4 More Ways to Use Yoga Blocks in Practice


From time to time, we can simply feel stuck. In planning what to teach or practice, we run through a variety of sequences, intentions, and peak poses, and end up rejecting them all. Too yang. Just did it. Too yin. Not enough space. Even with hundreds of poses and a multitude of yoga styles from which to garner inspiration, we can still come up short on ideas for what to practice or teach. And while we know that yoga class is not intended to be a potpourri of innovation, we do like to keep things fresh—for our regulars, and for ourselves.

One sure-fire way to break the creative block is to get creative...with a block! The yoga block is often taken for granted or even neglected in favor of newer, more exciting props, like yoga wheels. But the block is a great tool because it’s inexpensive, doesn’t take up much space, and is incredibly versatile. Maybe it’s not as Instagram-worthy as a cool new aerial yoga sling, but that doesn’t mean it can’t be your go-to.

Beyond using a yoga block to raise the floor or support limbs in space, what can we do with it? Here are four great ways to use a yoga block that will bring fresh thinking and lightheartedness to your practice or your teaching.

While standing in tree pose, place a block at its lowest setting under the heel of the foot of your standing leg, and press the ball of the foot down into the floor. Voila! Tree pose becomes super challenging! Not only are the calf muscles working overtime, but the increased instability makes balance more of a challenge. This modification also trains the ankle to deal with instability. So, with practice, you may find that you recover faster from a turned ankle.

Lie on your back with legs extended at a 90-degree angle, arms resting at your sides. Flex your ankles, and bend your knees enough that you can place a block at its lowest setting on the soles of your feet. With the block in place, extend your legs toward the ceiling. Keeping your ankles flexed and your legs straight, use your legs and core to lower your feet toward the floor until your legs are at about a 45-degree angle (or you feel the block about to slip off). Then raise your legs back up to 90 degrees and keep moving them toward your face as if you’re going into plow pose—again stopping before you feel the block slip off.

This keeps core work fun and brings awareness to maintaining dorsiflexion in the ankles. It also encourages a playful mood when that block drops for the first time (to be followed by many more drops!). Repeat five times, or until everyone in class has dropped a block. On that note, you’ll want to use foam blocks for this particular variation—getting a wood or cork block in the face is no fun.

This support may be appropriate for those who want to experience some of the feelings and benefits of headstand, but without bearing weight through the head and neck—a ”headless” headstand, if you will. It’s also a great option for anyone who wants a little extra support in a traditional headstand and an excellent tool for learning how to move your feet away from the wall in an inversion.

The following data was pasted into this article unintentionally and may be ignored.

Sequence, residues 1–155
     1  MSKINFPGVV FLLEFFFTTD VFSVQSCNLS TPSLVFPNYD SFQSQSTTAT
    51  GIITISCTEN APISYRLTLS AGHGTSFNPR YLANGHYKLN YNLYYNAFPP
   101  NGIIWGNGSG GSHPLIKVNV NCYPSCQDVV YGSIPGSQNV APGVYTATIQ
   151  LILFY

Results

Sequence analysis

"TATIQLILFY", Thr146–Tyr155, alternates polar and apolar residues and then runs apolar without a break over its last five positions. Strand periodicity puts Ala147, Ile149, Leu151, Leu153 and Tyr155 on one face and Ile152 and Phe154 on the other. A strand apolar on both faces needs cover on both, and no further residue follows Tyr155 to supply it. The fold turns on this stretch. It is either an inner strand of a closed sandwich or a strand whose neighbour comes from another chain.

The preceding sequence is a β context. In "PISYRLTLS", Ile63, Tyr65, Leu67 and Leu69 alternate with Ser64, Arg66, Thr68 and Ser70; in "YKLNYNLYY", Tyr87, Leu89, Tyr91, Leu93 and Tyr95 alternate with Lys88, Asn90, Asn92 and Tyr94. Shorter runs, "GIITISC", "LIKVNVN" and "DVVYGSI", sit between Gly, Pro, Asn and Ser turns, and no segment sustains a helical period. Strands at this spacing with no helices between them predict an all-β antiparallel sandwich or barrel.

You’ll need three blocks for this. Place one block upright at its tallest setting slightly less than a block length away from the wall. Stack two blocks at their lowest setting on top of each other, and place the block stack horizontally on top of the upright block, with the end of the stack flush against the wall (forming an upside-down L).

To come into supported headstand or headless headstand, come onto your forearms and knees, facing the wall, and interlace your fingers around the bottom of the bottom block at its base. Keep your shoulders stacked right above your elbows. Root down through your forearms, pressing down firmly on the pinky side of the interlaced hands. Tuck your toes under, and lift your knees as you would to come into dolphin pose. Walk your feet forward until your upper back is lightly supported by the top two blocks. The back of the head lightly touches the bottom block, while the crown of the head rests lightly on the floor for a supported headstand, or hovers just off of it for a supported headless headstand. This support alone can sometimes make the difference between a practitioner managing an inversion or not.

Press very firmly into the floor with the forearms so that if the head is resting on the floor, very little (if any) pressure is on the head. Next, lift one leg and float up, bringing the second leg to join, with legs together, toes active, and both heels against the wall. Gently draw the bottom block toward you, keeping the downward pressure in the forearms. You may find that with this support, the feet can move away from the wall, though it’s also fine for them to remain against the wall.

Lie on your back with your legs extended, bending your left knee and drawing it toward your chest. Lift your head, neck, and shoulders off the mat. Place a block lengthwise between your left quadriceps (the front of your thigh) and left elbow, applying pressure to keep the block firmly wedged there. Raise your right leg an inch or two off the floor. On an inhale, reach the right arm overhead, stretching the fingertips and toes away from each other and lengthening down your entire right side. On an exhale, bend your right knee toward your chest, and bring your right elbow to meet it. Keep squeezing the block between the left elbow and knee. Repeat 10 times, and then switch sides.

About the Teacher

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Janice Quirt
Janice Quirt first discovered yoga as a child in the 70s, watching her mother flip through a yoga book... Read more